"Unborn Sins" is one of those movies that has an intriguing idea at its heart--what happens to the souls aborted babies?--that deserved a far better execution than the means available to writer/director/producer Eddie Elliot. With decent sound work, decent lighting, better cinematography, better actors, and a script that had been taken through a draft or two more--or perhaps revised by a more experienced writer--this could have been one chilling movie. As it stands, it's a movie that I really wish I could like more than I do, and a movie that I wish could be remade in stronger hands.

Lighting and sound problems aside, the biggest weakness of its film is its running time. There are several scenes that are near-pointless (such as the one where Harris' repulsive boyfriend dances by himself to rap music for what seems like forever, or the basketball game at the park that likewise went on and on and on) and a subplot involving some sort of kidnapping/drug deal that doesn't have anything to do with anything else in the movie, except that the detective agency was somehow involved with that case. If the film had been tightened up from and its running time of nearly two hours shortened to 80 or 90 minutes, I think it might have rated as much as a 4 on its ideas alone.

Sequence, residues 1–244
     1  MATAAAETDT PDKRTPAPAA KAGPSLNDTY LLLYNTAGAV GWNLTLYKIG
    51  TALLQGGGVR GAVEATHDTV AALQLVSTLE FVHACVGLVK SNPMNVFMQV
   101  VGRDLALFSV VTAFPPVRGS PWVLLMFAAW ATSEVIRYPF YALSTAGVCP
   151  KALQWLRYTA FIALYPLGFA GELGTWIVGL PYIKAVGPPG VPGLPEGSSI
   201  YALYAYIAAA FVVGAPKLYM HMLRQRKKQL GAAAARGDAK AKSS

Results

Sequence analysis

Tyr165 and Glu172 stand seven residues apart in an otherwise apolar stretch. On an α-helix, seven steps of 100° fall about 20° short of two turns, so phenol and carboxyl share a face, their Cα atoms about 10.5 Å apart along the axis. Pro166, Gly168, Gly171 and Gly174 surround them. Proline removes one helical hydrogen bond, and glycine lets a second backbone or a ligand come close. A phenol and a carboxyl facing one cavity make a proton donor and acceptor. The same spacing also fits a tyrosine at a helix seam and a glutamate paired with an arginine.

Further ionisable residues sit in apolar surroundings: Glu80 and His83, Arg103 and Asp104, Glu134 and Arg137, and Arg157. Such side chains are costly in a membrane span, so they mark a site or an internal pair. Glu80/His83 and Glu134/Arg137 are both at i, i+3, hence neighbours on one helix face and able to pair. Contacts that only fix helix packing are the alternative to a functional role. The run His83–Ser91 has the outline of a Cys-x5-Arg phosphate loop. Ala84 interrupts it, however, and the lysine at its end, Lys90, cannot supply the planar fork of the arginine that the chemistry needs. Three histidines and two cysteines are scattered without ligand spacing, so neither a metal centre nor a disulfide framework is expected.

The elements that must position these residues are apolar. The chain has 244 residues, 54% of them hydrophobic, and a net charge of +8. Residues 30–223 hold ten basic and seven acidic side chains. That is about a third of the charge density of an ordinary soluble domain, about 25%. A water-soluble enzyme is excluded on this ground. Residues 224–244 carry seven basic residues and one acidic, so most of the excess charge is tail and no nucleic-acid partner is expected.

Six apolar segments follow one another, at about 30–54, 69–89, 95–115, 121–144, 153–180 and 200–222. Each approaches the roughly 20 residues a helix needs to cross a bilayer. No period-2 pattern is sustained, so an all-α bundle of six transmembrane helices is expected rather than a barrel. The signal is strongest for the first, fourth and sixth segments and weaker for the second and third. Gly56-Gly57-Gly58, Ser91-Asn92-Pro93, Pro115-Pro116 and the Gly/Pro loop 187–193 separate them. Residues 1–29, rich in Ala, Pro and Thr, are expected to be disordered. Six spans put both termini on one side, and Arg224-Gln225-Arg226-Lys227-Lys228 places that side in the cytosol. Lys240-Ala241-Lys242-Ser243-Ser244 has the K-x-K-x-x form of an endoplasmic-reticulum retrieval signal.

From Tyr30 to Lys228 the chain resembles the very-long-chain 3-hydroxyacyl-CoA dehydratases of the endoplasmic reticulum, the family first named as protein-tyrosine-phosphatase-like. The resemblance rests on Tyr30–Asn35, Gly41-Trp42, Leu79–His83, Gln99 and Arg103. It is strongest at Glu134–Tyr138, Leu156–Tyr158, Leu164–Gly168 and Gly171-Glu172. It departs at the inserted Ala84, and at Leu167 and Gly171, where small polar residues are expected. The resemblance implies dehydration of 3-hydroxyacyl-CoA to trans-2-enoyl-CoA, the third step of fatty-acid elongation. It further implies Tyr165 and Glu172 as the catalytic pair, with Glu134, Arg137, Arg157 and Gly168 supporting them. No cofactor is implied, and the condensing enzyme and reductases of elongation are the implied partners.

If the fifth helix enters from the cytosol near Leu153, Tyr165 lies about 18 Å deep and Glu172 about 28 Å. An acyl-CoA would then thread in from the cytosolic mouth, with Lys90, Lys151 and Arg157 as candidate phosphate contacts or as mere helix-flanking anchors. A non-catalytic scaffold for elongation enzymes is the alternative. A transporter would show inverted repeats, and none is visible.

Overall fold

(The technical problems and the running time aren't the only problems. There's also quite a bit of unintended hilarity in the film, such as when the obnoxious boyfriend is prowling through his apartment trying to look all Gangsta with a gun in each hand, holding them right next to his face. I kept hoping he'd fire, because watching the ejected cartridge smack him in the face would have been very amusing. Similarly, the Big Fight between the heroes and the angry spirit is more ridiculous than suspenseful because everyone starts behaving as if they just escaped from a Kung Fu movie made in 1973. These elements might make the film worthy of inclusion in the line-up for a Bad Movie Night, so long as you keep in mind there will be long stretches of overly padded scenes.)